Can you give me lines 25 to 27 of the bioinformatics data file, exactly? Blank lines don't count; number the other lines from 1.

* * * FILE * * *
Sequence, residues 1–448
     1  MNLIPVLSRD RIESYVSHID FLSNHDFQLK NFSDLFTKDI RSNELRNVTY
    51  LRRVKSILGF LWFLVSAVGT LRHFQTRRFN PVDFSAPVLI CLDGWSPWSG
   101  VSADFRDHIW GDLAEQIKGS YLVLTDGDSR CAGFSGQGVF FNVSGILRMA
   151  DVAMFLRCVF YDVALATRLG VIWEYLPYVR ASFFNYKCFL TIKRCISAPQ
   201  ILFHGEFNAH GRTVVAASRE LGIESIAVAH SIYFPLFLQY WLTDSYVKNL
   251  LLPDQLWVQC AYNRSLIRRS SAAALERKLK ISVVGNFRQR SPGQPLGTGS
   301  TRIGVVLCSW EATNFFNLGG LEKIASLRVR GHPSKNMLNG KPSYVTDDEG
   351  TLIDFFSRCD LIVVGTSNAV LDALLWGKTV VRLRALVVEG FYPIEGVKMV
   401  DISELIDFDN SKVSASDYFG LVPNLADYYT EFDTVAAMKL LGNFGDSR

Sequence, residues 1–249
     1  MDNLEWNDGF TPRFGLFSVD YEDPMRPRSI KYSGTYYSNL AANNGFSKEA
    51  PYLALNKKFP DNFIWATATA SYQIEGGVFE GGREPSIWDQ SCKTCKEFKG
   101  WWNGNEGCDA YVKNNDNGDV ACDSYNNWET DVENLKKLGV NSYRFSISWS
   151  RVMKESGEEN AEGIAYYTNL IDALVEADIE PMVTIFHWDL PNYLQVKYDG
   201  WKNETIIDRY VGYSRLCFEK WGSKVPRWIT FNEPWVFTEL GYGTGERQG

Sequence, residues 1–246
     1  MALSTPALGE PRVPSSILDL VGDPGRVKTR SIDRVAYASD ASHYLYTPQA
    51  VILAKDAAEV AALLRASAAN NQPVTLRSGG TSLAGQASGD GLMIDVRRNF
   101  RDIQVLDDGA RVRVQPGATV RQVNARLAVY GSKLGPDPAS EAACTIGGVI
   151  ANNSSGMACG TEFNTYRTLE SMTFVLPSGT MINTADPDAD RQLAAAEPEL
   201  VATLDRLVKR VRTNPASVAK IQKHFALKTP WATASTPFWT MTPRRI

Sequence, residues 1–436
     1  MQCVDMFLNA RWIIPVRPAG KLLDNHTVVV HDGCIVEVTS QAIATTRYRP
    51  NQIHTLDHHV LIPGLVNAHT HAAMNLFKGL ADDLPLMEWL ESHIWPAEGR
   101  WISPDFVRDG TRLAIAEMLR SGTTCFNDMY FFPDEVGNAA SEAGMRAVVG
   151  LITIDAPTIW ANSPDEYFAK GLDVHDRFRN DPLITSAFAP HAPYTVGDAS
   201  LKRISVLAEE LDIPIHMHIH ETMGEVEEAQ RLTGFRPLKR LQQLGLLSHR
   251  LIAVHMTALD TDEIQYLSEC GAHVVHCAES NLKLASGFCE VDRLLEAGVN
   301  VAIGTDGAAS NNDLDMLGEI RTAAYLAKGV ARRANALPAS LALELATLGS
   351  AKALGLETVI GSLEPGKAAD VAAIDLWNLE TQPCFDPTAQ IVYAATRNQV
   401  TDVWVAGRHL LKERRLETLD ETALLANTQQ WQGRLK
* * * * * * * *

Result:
    51  NQIHTLDHHV LIPGLVNAHT HAAMNLFKGL ADDLPLMEWL ESHIWPAEGR
   101  WISPDFVRDG TRLAIAEMLR SGTTCFNDMY FFPDEVGNAA SEAGMRAVVG
   151  LITIDAPTIW ANSPDEYFAK GLDVHDRFRN DPLITSAFAP HAPYTVGDAS